So something like a pragmatic idealist (Tho aint all idealists pragmatic ? ).

    [URL]https://www.youtube.com/watch?v=tEBvftJUwDw&t=0s[/URL]

  4. #54
    meh Salomé's Avatar
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    "Favourite Western philosophy" doesn't make sense to me either. Philosophy is a journey, not a destination.
    Favourite philosopher, makes more sense. I think that thread exists elsewhere. Anyway, if you are still interested in a primer (and still too cheap to buy an intro textbook) here's a very easily digestible (free) podcast series which will give you the highlights and maybe pique your interest enough to explore further on your own.

    http://virtualphilosopher.com/philosophy_the_classics/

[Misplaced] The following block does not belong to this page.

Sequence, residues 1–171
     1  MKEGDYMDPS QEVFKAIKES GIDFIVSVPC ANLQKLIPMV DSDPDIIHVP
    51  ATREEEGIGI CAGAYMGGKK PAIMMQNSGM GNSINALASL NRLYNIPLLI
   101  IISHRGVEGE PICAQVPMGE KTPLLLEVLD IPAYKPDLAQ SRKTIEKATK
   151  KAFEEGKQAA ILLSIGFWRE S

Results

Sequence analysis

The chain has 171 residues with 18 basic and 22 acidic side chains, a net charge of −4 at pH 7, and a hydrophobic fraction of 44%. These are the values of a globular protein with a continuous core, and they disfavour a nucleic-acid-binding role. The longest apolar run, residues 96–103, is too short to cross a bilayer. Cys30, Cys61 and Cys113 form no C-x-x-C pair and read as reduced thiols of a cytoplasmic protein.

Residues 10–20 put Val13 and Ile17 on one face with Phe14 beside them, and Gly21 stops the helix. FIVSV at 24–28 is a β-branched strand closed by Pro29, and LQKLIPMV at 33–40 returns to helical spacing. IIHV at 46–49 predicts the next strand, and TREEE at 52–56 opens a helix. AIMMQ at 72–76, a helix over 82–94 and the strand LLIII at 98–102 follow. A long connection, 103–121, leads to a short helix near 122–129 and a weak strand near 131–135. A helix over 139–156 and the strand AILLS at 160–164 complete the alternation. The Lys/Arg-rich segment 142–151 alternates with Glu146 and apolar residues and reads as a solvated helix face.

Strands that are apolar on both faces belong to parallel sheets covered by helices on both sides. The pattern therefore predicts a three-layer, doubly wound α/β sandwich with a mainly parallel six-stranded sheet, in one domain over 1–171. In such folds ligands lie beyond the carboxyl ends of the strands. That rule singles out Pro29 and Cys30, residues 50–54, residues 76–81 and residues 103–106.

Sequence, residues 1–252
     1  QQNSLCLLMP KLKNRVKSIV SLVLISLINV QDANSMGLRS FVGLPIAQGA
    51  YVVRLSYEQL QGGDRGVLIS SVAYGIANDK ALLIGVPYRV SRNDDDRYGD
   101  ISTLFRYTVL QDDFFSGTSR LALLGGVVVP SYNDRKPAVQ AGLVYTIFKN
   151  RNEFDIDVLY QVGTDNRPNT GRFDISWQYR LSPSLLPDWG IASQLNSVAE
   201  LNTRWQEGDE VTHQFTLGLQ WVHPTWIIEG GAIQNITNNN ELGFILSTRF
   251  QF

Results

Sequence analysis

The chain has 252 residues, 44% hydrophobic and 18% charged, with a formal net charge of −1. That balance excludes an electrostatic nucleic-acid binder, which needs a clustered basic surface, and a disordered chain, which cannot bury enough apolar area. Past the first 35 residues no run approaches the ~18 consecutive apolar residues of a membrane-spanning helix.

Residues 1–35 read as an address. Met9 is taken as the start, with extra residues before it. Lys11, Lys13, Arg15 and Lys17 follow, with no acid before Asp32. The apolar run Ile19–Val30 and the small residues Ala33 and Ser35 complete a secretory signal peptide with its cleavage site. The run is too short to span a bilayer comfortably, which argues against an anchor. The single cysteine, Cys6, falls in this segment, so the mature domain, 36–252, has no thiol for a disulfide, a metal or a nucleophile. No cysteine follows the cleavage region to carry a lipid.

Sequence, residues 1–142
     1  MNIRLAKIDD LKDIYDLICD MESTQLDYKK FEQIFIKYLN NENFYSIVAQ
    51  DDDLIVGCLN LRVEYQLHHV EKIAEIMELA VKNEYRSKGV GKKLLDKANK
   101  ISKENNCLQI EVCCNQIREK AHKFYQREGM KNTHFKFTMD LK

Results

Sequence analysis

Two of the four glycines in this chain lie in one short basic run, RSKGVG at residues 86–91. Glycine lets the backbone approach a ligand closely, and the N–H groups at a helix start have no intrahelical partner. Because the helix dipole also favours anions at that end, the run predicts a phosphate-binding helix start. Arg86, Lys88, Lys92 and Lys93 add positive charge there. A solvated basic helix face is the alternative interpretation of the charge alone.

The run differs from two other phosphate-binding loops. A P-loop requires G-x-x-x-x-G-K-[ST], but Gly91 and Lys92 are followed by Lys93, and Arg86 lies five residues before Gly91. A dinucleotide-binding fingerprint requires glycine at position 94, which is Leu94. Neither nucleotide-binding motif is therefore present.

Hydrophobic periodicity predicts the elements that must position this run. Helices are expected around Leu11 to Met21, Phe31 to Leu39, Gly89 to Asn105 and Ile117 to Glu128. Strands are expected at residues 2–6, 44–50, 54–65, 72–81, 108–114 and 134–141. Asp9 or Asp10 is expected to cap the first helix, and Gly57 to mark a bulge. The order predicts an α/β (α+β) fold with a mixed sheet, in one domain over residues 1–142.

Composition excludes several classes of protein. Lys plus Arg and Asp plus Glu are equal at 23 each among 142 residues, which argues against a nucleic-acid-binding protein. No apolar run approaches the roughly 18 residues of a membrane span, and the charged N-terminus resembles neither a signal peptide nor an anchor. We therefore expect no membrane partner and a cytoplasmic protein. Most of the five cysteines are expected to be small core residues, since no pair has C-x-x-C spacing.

Quote Originally Posted by Ivy View Post
    Gosh, the world looks so small from up here on my high horse of menstruation.

  5. #55
    Symbolic Herald Vasilisa's Avatar
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    Quote Originally Posted by Salomé View Post
    Favourite philosopher, makes more sense. I think that thread exists elsewhere.
    the formless thing which gives things form!
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  6. #56
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    He thought a lot about nihilism, right?


    The only study I've done is the study in my mind, but I'll go with Nietzsche.

    Life can just be so pointless.

  7. #57
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    I really dislike this question....
    It's like asking me which of my children is my favourite. It's almost inappropriate.

    I liked Kant. He was nice and clear...no minxing issues. Made his point, provided context, gave examples, and answered dissenters. But that has little to do with his actual philosophy. His style was effecient.